Boat, 35' Land Amphibious Rescue Craft (LARC)
35-Foot Land Amphibious Rescue Craft
Number: 35086 thru 35100; 35112 thru 35113; 35738 & 35747
Completed: 1963 thru 1967
Remarks: Stationed between Massachusetts and North Carolina; disposed of between 1968 & 1979
Displacement (lbs): 20,063 fl
Beam: 10’ (max)
Main Engines: 1 diesel
Max Sustained: 18 mph (10 hours on land)
Max Speed: 30 mph (short distance on land); 8 knots (in water)
The 35-foot LARC was designed for the US Army to carry men and supplies from offshore ships to the beach or to an inland area. It can carry a maximum load of 5 tons on either land or water. The USCG used the LARC primarily for shallow-water flood-relief work and as a platform for underwater searches.
The amphibian construction is of aluminum. It is fitted with four low-pressure tires that permit it to travel over soft surfaces, such as sand or mud. It can ascend/descend grades of up to 60 degrees.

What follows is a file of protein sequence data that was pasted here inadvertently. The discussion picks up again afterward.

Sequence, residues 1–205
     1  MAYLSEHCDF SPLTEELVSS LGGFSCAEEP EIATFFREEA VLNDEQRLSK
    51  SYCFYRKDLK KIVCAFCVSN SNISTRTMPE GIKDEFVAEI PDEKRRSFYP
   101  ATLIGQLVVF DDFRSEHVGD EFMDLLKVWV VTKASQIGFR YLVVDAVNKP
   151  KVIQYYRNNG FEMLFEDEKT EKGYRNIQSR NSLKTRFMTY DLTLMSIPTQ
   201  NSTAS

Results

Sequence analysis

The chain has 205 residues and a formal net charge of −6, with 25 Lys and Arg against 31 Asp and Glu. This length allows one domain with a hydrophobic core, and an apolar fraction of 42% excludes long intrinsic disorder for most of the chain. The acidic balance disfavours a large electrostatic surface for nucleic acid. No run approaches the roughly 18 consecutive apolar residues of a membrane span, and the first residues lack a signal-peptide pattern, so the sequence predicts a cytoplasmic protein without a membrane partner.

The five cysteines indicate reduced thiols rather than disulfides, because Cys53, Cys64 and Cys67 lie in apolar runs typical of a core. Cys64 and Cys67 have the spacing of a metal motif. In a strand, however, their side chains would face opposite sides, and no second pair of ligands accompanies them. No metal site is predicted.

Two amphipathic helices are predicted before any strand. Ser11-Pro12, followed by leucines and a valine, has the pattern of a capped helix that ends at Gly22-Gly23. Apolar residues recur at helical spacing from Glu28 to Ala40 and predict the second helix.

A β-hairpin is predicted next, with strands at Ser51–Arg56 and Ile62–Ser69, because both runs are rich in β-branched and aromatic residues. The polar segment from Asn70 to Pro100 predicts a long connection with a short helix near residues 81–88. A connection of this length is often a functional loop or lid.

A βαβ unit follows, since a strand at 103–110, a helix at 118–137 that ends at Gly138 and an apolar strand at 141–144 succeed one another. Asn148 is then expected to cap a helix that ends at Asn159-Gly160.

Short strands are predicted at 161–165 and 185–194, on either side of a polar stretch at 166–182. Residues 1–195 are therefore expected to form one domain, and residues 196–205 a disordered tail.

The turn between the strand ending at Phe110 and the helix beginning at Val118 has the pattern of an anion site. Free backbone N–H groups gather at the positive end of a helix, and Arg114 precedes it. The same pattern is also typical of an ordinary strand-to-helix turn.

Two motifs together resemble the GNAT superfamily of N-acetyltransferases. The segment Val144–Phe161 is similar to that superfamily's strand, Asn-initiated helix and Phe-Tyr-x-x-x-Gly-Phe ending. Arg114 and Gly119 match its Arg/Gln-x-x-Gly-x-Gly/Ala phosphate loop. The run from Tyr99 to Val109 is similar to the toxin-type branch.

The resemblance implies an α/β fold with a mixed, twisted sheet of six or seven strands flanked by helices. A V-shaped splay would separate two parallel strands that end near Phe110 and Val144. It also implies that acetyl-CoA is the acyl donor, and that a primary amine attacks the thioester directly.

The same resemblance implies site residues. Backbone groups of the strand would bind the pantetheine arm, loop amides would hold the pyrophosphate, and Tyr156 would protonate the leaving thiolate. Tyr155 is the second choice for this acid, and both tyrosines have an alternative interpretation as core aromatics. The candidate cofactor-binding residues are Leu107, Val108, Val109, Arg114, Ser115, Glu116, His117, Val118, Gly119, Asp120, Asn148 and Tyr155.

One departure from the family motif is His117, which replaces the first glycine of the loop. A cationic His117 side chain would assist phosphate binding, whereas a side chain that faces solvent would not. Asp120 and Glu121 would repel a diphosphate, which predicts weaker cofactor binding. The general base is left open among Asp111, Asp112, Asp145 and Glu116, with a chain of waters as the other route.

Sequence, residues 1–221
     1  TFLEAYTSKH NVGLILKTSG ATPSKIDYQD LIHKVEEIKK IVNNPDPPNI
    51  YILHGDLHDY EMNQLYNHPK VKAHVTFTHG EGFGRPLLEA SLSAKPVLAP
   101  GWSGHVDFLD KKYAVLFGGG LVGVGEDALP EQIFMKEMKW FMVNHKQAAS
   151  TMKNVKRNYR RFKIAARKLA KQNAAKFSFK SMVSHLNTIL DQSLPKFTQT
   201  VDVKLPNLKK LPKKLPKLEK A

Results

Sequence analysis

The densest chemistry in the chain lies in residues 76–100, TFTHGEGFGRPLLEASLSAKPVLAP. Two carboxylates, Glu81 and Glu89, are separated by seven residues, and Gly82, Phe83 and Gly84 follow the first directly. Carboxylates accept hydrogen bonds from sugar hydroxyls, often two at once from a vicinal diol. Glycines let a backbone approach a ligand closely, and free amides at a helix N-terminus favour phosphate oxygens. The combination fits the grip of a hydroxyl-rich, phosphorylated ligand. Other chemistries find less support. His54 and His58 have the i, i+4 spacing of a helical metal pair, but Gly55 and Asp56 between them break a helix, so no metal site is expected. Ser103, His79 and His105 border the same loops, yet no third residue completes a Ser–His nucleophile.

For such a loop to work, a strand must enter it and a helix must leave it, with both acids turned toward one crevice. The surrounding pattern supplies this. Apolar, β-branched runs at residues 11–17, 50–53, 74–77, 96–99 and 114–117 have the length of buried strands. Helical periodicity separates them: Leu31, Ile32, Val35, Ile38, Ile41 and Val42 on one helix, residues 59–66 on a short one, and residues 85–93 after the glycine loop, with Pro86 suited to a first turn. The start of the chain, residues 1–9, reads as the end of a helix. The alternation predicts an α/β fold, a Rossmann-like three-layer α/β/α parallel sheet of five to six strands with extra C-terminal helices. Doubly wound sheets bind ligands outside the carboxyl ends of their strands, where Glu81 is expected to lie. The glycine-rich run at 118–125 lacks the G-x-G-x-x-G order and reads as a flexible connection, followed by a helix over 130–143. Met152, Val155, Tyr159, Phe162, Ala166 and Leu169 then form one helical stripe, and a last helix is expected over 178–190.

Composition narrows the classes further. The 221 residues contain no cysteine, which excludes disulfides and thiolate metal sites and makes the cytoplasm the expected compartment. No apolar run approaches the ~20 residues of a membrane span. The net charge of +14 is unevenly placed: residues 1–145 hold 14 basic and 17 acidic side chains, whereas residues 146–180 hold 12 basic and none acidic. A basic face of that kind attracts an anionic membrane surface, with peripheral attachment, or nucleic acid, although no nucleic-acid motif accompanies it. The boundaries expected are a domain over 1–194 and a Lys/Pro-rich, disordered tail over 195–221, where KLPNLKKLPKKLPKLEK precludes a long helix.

Due to the extremely high maintenance cost associated with these amphibians, LARCs were used only when the task could not be accomplished by another type of craft.
Boat Files, U.S. Coast Guard Historian's Office.
Scheina, Robert L. U.S. Coast Guard Cutters and Craft, 1946-1990. Annapolis, MD: Naval Institute Press, 1990.
Wilkinson, William D., and Timothy R. Dring. American Coastal Rescue Craft: A Design History of Coastal Rescue Craft Used by the United States Life-Saving Service and the United States Coast Guard. Gainesville: University Press of Florida, 2009.